Proposed Address to the First Convocation of the Seminary of the Church of the Living Tree
We thank all of you for accepting a place in this project of ours. You may still be wondering just what it is we are expecting you to do. Here we are putting together all of the best help we can find to prepare a program that will prepare all of you for the possible role of Advocate for the Tree. Carefully chosen instructors from many fields will be presenting their knowledge and their ideas to you. To begin with, we set up a program and tell you what to do, but, from the founding of this Seminary today, the final authority will always rest with yourselves. While you are young, we expect that you will try to take all of this in respectfully, and try to learn the lessons we are trying to teach you. But the whole function and purpose of the Seminary is for you to figure out what has to happen in this world, and tell us what to do, as soon as you are ready to do so.
For the last two or three centuries, the earth has been showing the wear that the human race has put upon it, and has been declining in biological health. This is a Red Alert for the planet. The biological health of our planet is the whole story as far as the survival of the human race is concerned. There are a host of problems associated with this biological collapse of our biosphere, and every one of those problems will have to be dealt with immediately and decisively – the loss of the Trees worldwide will have to be offset by the largest tree planting effort ever attempted, carrying on the work of people such as Richard St. Barbe Baker, whose efforts for the Trees are gratefully remembered.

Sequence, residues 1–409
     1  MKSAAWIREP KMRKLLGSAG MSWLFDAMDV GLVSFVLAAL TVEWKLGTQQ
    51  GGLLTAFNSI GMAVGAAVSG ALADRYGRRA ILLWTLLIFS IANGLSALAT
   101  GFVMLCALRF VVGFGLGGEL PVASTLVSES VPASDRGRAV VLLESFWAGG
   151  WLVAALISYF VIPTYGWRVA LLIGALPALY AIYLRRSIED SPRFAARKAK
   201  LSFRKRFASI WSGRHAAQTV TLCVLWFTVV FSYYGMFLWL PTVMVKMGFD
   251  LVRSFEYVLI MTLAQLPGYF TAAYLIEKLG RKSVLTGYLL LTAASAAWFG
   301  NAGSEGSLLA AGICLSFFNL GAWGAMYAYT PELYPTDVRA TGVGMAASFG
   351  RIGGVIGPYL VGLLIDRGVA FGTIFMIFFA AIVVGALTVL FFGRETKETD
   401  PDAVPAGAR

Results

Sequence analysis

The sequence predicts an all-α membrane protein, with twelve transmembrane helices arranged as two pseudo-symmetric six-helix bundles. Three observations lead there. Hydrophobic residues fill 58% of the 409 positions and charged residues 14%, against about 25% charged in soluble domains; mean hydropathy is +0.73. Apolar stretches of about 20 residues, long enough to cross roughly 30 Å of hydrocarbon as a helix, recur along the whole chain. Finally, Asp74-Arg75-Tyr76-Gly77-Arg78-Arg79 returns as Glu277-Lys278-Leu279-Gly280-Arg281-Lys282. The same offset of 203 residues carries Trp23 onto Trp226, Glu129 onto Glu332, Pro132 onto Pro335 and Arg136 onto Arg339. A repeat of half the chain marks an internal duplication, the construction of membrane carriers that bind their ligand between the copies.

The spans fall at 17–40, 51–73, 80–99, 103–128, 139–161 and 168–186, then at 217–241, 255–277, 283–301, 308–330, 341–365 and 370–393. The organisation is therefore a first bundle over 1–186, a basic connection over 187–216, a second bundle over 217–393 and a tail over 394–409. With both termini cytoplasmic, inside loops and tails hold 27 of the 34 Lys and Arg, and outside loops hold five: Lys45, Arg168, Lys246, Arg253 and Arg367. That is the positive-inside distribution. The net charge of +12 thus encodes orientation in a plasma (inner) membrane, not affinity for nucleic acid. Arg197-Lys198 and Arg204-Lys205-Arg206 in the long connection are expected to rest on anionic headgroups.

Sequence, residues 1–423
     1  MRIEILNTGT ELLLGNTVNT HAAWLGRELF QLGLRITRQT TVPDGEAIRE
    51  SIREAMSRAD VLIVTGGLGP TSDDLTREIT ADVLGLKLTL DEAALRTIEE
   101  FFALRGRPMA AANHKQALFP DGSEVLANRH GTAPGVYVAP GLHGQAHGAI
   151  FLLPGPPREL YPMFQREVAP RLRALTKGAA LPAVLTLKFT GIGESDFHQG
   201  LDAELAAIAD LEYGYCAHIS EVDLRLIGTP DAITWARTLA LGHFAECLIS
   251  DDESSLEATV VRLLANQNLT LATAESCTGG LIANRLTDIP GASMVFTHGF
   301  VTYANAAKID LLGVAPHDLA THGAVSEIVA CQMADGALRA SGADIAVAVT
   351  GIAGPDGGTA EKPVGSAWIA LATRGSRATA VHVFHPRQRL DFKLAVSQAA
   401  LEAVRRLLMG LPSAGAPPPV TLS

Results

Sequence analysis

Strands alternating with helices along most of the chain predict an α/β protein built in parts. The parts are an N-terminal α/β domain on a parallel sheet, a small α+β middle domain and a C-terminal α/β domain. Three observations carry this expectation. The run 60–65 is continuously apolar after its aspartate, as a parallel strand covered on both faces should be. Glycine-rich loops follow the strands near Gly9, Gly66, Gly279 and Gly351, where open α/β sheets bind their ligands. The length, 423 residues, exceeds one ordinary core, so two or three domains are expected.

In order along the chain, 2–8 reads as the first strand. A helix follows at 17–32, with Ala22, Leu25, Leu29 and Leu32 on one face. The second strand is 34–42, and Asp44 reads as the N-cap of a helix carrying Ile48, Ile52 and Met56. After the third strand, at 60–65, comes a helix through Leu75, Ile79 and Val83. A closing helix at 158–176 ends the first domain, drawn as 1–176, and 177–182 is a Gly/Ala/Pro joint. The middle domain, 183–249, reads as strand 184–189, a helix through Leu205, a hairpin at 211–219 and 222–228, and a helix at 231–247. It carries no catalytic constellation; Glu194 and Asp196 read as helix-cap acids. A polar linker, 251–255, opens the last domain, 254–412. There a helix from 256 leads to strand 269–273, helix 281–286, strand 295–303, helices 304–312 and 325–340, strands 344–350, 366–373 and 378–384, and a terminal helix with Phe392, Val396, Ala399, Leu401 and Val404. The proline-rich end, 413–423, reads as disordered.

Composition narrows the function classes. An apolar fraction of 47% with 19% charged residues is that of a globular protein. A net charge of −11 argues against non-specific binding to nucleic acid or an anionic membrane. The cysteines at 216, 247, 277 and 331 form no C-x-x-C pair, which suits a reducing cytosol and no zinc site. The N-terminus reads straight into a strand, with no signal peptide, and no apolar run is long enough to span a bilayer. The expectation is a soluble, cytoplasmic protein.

The burning off as fuel the last forty million years’ worth of the accumulation of fossil fuels will have to be met by capping those wells and closing those mines for the next forty million years, by which time it may be possible to take a sustained yield harvest of some of that material for certain high-value uses, but certainly not to be burned off as fuel, which is a terrible waste, as stupid as cutting down trees to make paper which is then buried as landfill within a few weeks.
War is probably the greatest contributor to climate change – not only from the primary effect of all the bombs, but counting also the secondary effects of the whole war machine and all of the devastation that follows. Resolving disputes through our international court system will finally lay to rest the whole gigantic war industry, which has been physically destroying our earth as well as impoverishing its people for as long as anyone has kept any records. If all of that stops now, our work here will be much easier.
Plant Trees over all of the fields of war, and cultivate all of the earth as a garden.
The Evanescent Press